D2/k are isomorphic (see (Hartshorne 1977, Jacobson 1985)).3.2 Flatness and defectLike in the non-differential case, a differential extension L/K is said to be purely differentially tran-scendental if, and only if, there exists a differential transcendence basis = {i | i I } of L/K suchthat L = K < >. A system D/k is called purely differentially transcendental if, and only if, theextension D/k is so.A system D/k is called (differentially) at if, and only if, it is equivalent to a purely differentiallytranscendental system L/k. A differential transcendence basis y = (y1, . . . , ym) of L/k such thatL = k < y > is called a linearizing or at output of the system D/k.Example (continued) Let us prove that y = (y1, y2) withy1 = x2 + (x1 + x3x4)22x(3)3, y2 = x3.is a linearizing output for (7). Set = x1+ x3x4. Differentiating y1 = x2+2/2y(3)2 , we have, using(7), 2= 2 y1(y(3)2 )2y(4)2. Thus x2 = y1 22y(3)2is an algebraic function of (y1, y1, y(3)2 , y(4)2 ). Sincex4 = x2and x1 = y2x4, x4 and x1 are algebraic functions of (y1, y1, y1, y2, y(3)2 , y(4)2 , y(5)2 ).Remark there exist many other linearizing outputs such as y = ( y1, y2) = (2y1y(3)2 , y2), the inversetransformation being y = ( y1/2 y(3)2 , y2).11 Take an arbitrary system D/k of differential order m. Among all the possible choices of setsz = (z1, . . . , zm) of m differential k-indeterminates which are algebraic over D, take one such thattr d0D < z > /k < z > is minimum, say . This integer is called the defect of the systemD/k. Thenext result is obvious.Proposition 3 A system D/k is at if, and only if, its defect is zero.Example The defect of the system generated by x1 and x2 satisfying x1 = x1 + ( x2)3is one. Itsgeneral solution cannot be expressed without the integration of, at least, one differential equation.3.3 Basic examples3.3.1 Uncontrolled dynamical systemsAn uncontrolled dynamical system is, in our eld-theoretic language (Fliess 1990a), a nitely gen-erated differentially algebraic extension D/k: diff tr d0D/k = 0 implies the non-existence of anydifferential k-indeterminate algebraic over D. Thus, the defect of D/k is equal to tr d0D/k, i.e., tothe dimension of the dynamical system D/k, which corresponds to the state variable representationAi( xi, x) = 0, where x = (x1, . . . , xn) is a transcendence basis of D/k. Flatness means that D/k isalgebraic in the (non-differential) sense: the dynamics D/k is then said to be trivial.3.3.2 Linear systemsThe defect of is, by denition, the defect of its associated differential eld extension D/k (seeremark 2).Theorem 2 The defect of a linear system is equal to the dimension of its torsion submodule, i.e.,to the dimension of its Kalman uncontrollable subspace. A linear system is at if, and only if, it iscontrollable.Proof Take the decomposition = T , of section 2.3, where T is the torsion submodule and a free module. A basis b = (b1, . . . , bm) of plays the role of a linearizing output when isfree: the system then is at. When T = {0}, the differential eld extension T /k generated by T isdifferentially algebraic and its (non-differential) transcendence degree is equal to the dimension of Tas k-vector space. The conclusion follows at once.Remark 4 The above arguments can be made more concrete by considering a linear dynamics overR. If it is controllable, we may write it, up to a static feedback, in its Brunovsky canonical form:y(i)= ui, (i = 1, . . . , m)12 where the is are the controllability indices and y = (y1, . . . , ym) is a linearizing output. In theuncontrollable case, the defect d is the dimension of the uncontrollable subspace:ddt___1...d___= M___1...d___where M is a d d matrix over R.3.4 A necessary condition for atnessConsider the system D/k where D = k < w > is generated by a nite set w = (w1, . . . , wq). Thewis are related by a nite set, (w, w, . . . , w()) = 0, of algebraic differential equations. Dene thealgebraic variety S corresponding to (0, . . . , ) = 0 in the ( +1)q-dimensional afne space withcoordinates j= ( j1, . . . , jq), j = 0, 1, . . . , .Theorem 3 If the system D/k is at, the afne algebraic variety S contains at each regular point astraight line parallel to the -axes.Proof The components of w, w, . . ., w(1)are algebraically dependent on the components of alinearizing output y = (y1, . . . , ym) and a nite number of their derivatives. Let be the highest orderof these derivatives. The components of w()depend linearly on the components of y(+1), which playthe role of independent parameters for the coordinates 1, . . ., q.The above condition is not sufcient. Consider the systemD/Rgenerated by (x1, x2, x3) satisfying x1 = ( x2)2+ ( x3)3. This system does not satisfy the necessary condition: it is not at. The samesystem D can be dened via the quantities (x1, x2, x3, x4) related by x1 = (x4)2+( x3)3and x4 = x2.Those new equations now satisfy our necessary criterion.3.5 Flatness and controllabilitySussmann and Jurdjevic (Sussmann and Jurdjevic 1972) have introduced in the differential geometricsetting the concept of strong accessibility for dynamics of the form x = f (x, u). Sontag (Sontag 1988)showed that strong accessibility implies the existence of controls such that the linearized systemarounda trajectory passing through a point a of the state-space is controllable. Coron (Coron 1994) and Sontag(Sontag 1992) demonstrated that, for any a, those controls are generic.The above considerations with those of section 2.3 and 2.4 lead in our context to the followingdenition of controllability, which is independent of any distinction between variables: a systemD/kis said to be controllable (or strongly accessible) if, and only if, its tangent linear systemis controllable,i.e., if, and only if, the module D/k is free.Remark 3 shows that this denition is invariant under our equivalence via endogenous feedback.Proposition 4 A at system is controllable13 Proof It sufces to prove it for a purely differentially transcendental extensions k < y > /k, wherey = (y1, . . . , ym). The module k/k, which is spanned by dk/ky1, . . ., dk/kym, is necessarilyfree.The converse is false as demonstrated by numerous examples of strongly accessible single-inputdynamics x = f (x, u) which are not linearizable by static feedback and therefore neither by dynamicones (Charlet et al. 1989).Flatness which is equivalent to the possibility of expressing any element of the system as a func-tion of the linearizing output and a nite number of its derivatives, may be viewed as the nonlinearextension of linear controllability, if the latter is characterized by free modules. Whereas the strongaccessibility property only is an innitesimal generalization of linear controllability, atness shouldbe viewed as a more global and, perhaps, as a more tractable one. This will be enhanced in section5 where controllable systems of nonzero defect are treated using high-frequency control that enablesto approximate them by at systems for which the control design is straightforward.4 Examples and control of at systemsThe verication of the prime character of the differential ideals corresponding to all our examplesis done in appendix A. This means that the equations dening all our examples can be rigorouslyinterpreted in the language of differential eld theory.4.1 The 2-D craneDRxzXZmgOFigure 1: The two dimensional crane.14 Consider the crane displayed on gure 1 which is a classical object of control study (see, e.g.,(DAndr ea-Novel and L evine 1990), (Marttinen et al. 1990)). The dynamics can be divided into twoparts. The rst part corresponds to the motor drives and industrial controllers for trolley travels androlling up and down the rope. The second part is relative to the trolley load, the behavior of which isvery similar to the pendulum one. We concentrate here on the pendulum dynamics by assuming that the traversing and hoisting are control variables, the trolley load remains in a xed vertical plane OXZ, the rope dynamics are negligible.A dynamic model of the load can be derived by Lagrangian formalism. It can also be obtained,in a very simple way, by writing down all the differential (Newton law) and algebraic (geometricconstraints) equations describing the pendulum behavior:___m x = T sin m z = T cos +mgx = R sin + Dz = R cos (14)where (x, z) (the coordinates of the load m), T (the tension of the rope) and (the angle between therope and the vertical axis OZ) are the unknown variables; D (the trolley position) and R (the rope length) are the input variables.From (14), it is clear that sin , T, D and R are algebraic functions of (x, z) and their derivatives:sin = x DR , T = mR(g z)z , ( z g)(x D) = xz, (x D)2+ z2= R2that is___D = x xz z gR2= z2+_ xz z g_2.(15)Thus, system (14) is at with (x, z) as linearizing output.Remark 5 Assume that the modeling equations (14) are completed with the following traversing andhoisting dynamics:___M D = F D + T sin J2R = C R T (16)15 where the new variables F and C are, respectively the external force applied to the trolley and thehoisting torque. The other quantities (M, J, , , ) are constant physical parameters. Then (14,16)is also at with the same linearizing output (x, z). This explains without any additional computationwhy the systemconsidered in (DAndr ea-Novel and L evine 1990) is linearizable via dynamic feedback.Let us now address the following question which is one of the basic control problems for a crane:how can one carry a load m from the steady-state R = R1 > 0 and D = D1 at time t1, to thesteady-state R = R2 > 0 and D = D2 at time t2 > t1 ?It is clear that any motion of the load induces oscillations that must be canceled at the end of theload transport. We propose here a very simple answer to this question when the crane can be describedby (14). This answer just consists in using (15).Consider a smooth curve [t1, t2] t ((t ), (t )) R]0, +[ such that for i = 1, 2, ((ti), (ti)) = (Di, Ri), and drdtr (, )(ti) = 0 with r = 1, 2, 3, 4. for all t [t1, t2], (t ) < g.Then the solution of (14) starting at time t1 from the steady-state D1 and R1, and with the controltrajectory dened, for t [t1, t2], by___D(t ) = (t ) (t ) (t ) (t ) gR(t ) =_2(t ) +_ (t ) (t ) (t ) g_2 (17)and, for t > t2, by (D(t ), R(t )) = (D2, R2), leads to a load trajectory t (x(t ), z(t )) such that(x(t ), z(t )) = ((t ), (t )) for t [t1, t2] and (x(t ), z(t )) = (D2, R2) for t t2. Notice that, since forall t [t1, t2], z(t ) < g, the rope tension T = mR(g z)z remains always positive and the descriptionof the system by (14) remains reasonable.This results from the following facts. The generalized state variable description of the system isthe following (Fliess et al. 1991, Fliess et al. 1993a):R = 2 R D cos g sin .Since and are smooth, D and R are at least twice continuously differentiable. Thus, the classicalexistence and uniqueness theoremensures that the above ordinary differential equation admits a uniquesmooth solution that is nothing but (t ) = arctan((t ) D(t ))/ (t )).The approximation of the crane dynamics by (14) implies that the motor drives and industrial low-level controllers (trolley travels and rolling up and down the rope) produce fast and stable dynamics (seeremark 5). Thus, if these dynamics are stable and fast enough, classical results of singular perturbationtheory of ordinary differential equation (see, e.g., (Tikhonov et al. 1980)), imply that the control (17)leads to a nal conguration close to the steady-state dened by D2 and R2.16 In the simulations displayed here below, we have veried that the addition of reasonable fast andstable regulator dynamics modies only slightly the nal position (R2, D2). Classical proportional-integral controller for D and R are added to (14). The typical regulator time constants are equal toone tenth of the period of small oscillations ( 110 2_R/g 0.3 s) (see (Fliess et al. 1991)).-10-9-8-7-6-50 10 20x (m)z (m)load trajectory051015200 5 10 15time (s)(m)trolley position56789100 5 10 15time (s)(m)rope length-0.4- 5 10 15time (s)(rd)vertical deviation angleFigure 2: Simulation of the control dened by (17) without (solid lines) and with (dot lines) ideallow-level controllers for D and R.For the simulations presented in gure 2, the transport of the load m may be considered as a ratherfast one: the horizontal motion of D is of 10 m in 3.5 s; the vertical motion of R is up to 5 m in 3.5 s.Compared with the low-level regulator time constants (0.1 and 0.3 s), such motions are not negligible.This explains the transient mismatch between the ideal and non-ideal cases. Nevertheless, the nalcontrol performances are not seriously altered: the residual oscillations of the load after 7 s admit lessthan 3 cm of horizontal amplitude. Such small residual oscillations can be canceled via a simple PID17 regulator with the vertical deviation as input and the set-point of D as output.The simulations illustrate the importance of the linearizing output (x, z). When the regulationsof R and D are suitably designed, it is possible to use the control given in (17) for fast transports ofthe load m from one point to another. The simplicity and the independence of (17) with respect to thesystem parameters (except g) constitute its main practical interests.Remark 6 Similar calculations can be performed when a second horizontal direction OX2, orthogo-nal to OX1 = OX, is considered. Denoting then by (x1, x2, z) the cartesian coordinates of the load, Rthe rope length and (D1, D2) the trolley horizontal position, the system is described by___( z g)(x1 D1) = x1z( z g)(x2 D2) = x2z(x1 D1)2+(x2 D2)2+ z2= R2.This system is clearly at with the cartesian coordinates of the load, (x1, x2, z), as at output.Remark 7 In (DAndr ea-Novel et al. 1992b), the control of a body of mass m around a rotationaxle of constant direction is investigated. This system is at as a consequence of the followingconsiderations. According to an old result due to Huygens (see, e.g. (Whittaker 1937, p. 131132)),the equations describing the motion are equivalent to those of a pendulum of the same mass m and oflength l = Jmd where d = 0 is the vertical distance between the mass center G and the axle , J isthe inertial moment around . Denoting by u and v, respectively, the vertical and horizontal positionsof , the equations of motion are the following (compare to (15)):___ uu x = v gv z(u x)2+(v z)2= l2where (x, z) are the horizontal and vertical coordinates of the Huygens oscillation center. Clearly(x, z) is a linearizing output.Remark 8 The examples corresponding to the crane, Huygens oscillation center (see remark 7) andthe car with n-trailers here below, illustrate the fact that linearizing outputs admit most often a clearphysical interpretation.4.2 The car with n-trailers4.2.1 Modeling equationsSteeringa car withn trailers is nowthe object of active researches (Laumond 1991, Murray and Sastry 1993,Monaco and Normand-Cyrot 1992, Rouchon et al. 1993a, Tilbury et al. 1993). The atness of a basicmodel9of this system combined with the use of Frnet formula lead to a complete and simple solution9More realistic models where trailer i is not directly hitched to the center of the axle of trailer i 1 are considered in(Martin and Rouchon 1993, Rouchon et al. 1993b).18 xnynPn dnnPn1n1P1d11P0d0 Q0Figure 3: The kinematic car with n trailers.of the motion planning problem without obstacles. Notice that most of nonholonomic mobile robotsare at (DAndr ea-Novel et al. 1992a, Campion et al. 1992).The hitch of trailer i is attached to the center of the rear axle of trailer i 1. The wheels are alignedwith the body of the trailer. The two control inputs are the driving velocity (of the rear wheels of thecar) and the steering velocity (of the front wheels of the car). The constraints are based on allowingthe wheels to roll and spin without slipping. For the steering front wheels of the car, the derivation issimplied by assuming them as a single wheel at the midpoint of the axle. The resulting dynamicsare described by the following equations (the notations are those of (Murray and Sastry 1993) andsummarized on gure 3):___ x0 = u1 cos 0 y0 = u1 sin 0 = u20 = u1d0tan i = u1di_i 1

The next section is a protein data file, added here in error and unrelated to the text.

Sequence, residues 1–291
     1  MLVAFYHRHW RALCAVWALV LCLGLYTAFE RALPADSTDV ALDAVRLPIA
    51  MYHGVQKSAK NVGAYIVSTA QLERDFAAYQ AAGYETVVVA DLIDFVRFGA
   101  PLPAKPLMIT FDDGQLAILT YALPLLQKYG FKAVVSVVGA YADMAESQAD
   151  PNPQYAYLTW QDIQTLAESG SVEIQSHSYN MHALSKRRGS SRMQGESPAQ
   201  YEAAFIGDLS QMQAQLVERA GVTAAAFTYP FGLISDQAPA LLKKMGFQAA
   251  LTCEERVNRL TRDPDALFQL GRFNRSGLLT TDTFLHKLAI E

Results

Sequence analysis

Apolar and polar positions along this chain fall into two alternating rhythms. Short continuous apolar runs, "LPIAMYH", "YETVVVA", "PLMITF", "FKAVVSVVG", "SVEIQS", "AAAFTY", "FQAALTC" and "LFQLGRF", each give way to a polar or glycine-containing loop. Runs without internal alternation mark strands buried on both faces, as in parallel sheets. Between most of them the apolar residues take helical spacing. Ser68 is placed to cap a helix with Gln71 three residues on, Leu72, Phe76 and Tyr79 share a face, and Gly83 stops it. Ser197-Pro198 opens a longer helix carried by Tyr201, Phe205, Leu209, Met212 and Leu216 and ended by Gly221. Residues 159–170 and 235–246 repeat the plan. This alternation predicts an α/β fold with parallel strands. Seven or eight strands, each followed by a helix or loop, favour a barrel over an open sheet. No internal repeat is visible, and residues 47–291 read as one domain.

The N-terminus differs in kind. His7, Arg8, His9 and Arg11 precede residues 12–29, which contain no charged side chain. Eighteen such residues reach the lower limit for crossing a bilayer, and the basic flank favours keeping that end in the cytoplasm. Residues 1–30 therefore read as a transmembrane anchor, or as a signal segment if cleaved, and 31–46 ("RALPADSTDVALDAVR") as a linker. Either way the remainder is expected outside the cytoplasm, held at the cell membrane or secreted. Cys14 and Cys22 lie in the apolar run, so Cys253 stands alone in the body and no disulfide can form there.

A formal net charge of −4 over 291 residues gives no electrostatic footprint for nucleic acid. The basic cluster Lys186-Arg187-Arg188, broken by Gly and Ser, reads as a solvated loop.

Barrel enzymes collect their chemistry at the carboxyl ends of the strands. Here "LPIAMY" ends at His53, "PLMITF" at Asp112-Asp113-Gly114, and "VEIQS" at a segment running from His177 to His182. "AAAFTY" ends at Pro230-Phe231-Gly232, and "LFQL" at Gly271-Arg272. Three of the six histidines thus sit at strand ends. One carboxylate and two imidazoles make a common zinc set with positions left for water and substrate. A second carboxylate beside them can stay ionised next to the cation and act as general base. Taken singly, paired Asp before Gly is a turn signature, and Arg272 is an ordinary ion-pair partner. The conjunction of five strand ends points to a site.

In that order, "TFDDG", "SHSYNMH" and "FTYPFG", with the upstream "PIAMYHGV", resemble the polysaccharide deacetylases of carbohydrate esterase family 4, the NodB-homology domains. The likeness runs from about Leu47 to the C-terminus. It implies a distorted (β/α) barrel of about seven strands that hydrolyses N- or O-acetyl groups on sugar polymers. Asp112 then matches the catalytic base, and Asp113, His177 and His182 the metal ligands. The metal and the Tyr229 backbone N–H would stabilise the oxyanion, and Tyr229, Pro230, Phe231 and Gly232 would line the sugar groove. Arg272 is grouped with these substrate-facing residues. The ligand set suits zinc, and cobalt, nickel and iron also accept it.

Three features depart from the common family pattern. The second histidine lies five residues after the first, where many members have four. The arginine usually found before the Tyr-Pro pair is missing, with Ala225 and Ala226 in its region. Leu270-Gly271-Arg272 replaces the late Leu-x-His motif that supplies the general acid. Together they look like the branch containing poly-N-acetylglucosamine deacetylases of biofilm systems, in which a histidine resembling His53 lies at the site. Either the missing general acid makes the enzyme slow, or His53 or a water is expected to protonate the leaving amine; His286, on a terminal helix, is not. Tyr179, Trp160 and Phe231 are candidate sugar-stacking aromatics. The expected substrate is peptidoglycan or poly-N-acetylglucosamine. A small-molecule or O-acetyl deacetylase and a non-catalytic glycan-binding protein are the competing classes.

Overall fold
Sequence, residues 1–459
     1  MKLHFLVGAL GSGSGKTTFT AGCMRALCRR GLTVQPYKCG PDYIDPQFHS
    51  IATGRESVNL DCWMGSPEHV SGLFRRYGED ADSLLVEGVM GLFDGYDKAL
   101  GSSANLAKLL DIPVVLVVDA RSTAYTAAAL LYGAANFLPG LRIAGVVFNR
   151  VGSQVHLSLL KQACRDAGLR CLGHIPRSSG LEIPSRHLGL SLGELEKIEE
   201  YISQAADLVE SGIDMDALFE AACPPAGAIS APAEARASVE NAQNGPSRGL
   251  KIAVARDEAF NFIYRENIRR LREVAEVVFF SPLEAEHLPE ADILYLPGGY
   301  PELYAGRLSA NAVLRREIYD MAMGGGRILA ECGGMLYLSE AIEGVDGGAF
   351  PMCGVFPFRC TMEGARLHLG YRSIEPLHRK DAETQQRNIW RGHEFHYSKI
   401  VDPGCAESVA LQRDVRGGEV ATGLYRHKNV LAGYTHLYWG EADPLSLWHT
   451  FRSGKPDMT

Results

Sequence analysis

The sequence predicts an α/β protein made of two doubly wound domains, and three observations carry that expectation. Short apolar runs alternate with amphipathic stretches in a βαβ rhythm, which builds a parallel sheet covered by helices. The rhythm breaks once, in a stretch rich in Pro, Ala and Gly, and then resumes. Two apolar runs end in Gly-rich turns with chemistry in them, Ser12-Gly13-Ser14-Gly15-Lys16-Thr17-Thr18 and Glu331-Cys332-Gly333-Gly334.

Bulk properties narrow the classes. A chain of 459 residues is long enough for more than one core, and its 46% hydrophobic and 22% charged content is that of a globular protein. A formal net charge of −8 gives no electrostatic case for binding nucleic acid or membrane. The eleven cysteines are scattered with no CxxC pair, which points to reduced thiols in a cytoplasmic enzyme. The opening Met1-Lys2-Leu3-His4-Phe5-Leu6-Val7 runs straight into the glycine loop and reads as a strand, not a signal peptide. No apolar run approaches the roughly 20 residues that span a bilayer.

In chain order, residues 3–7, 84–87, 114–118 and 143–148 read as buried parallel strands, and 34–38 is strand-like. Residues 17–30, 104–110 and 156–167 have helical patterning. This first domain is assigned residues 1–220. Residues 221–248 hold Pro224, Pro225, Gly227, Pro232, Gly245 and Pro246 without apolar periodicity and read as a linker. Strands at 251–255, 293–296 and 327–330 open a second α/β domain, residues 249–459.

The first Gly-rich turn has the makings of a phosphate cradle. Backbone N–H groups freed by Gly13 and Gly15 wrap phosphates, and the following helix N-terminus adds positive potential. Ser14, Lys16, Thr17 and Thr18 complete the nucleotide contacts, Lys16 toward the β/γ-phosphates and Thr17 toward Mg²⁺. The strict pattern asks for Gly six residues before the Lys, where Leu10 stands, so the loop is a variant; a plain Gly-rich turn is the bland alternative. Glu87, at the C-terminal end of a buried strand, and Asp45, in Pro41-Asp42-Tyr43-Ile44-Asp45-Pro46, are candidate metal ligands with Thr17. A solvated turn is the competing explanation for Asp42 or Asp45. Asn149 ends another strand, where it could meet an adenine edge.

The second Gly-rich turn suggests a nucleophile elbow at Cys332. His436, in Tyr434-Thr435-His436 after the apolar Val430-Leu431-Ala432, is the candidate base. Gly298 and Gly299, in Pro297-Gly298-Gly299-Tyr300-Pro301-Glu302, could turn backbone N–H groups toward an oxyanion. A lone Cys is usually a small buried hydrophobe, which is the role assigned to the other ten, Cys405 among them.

j =1cos(j 1 j)_ sin(i 1 i) for i = 1, . . . , n(18)where (x0, y0, , 0, . . . , n) R2] /2, +/2[(S1)n+1is the state, (u1, u2) is the control andd0, d1, . . ., dn are positive parameters (lengths). As displayed on gure 3, we denote by Pi, the mediumpoint of the wheel axle of trailer i , for i = 1, . . . , n. The medium point of the rear (resp. front) wheelaxle of the car is denoted by P0 (resp. Q).19 4.2.2 Cartesian coordinates of Pn as at outputDenote by (xi, yi) the cartesian coordinates of Pi, i = 0, 1, . . . , n:xi = x0 i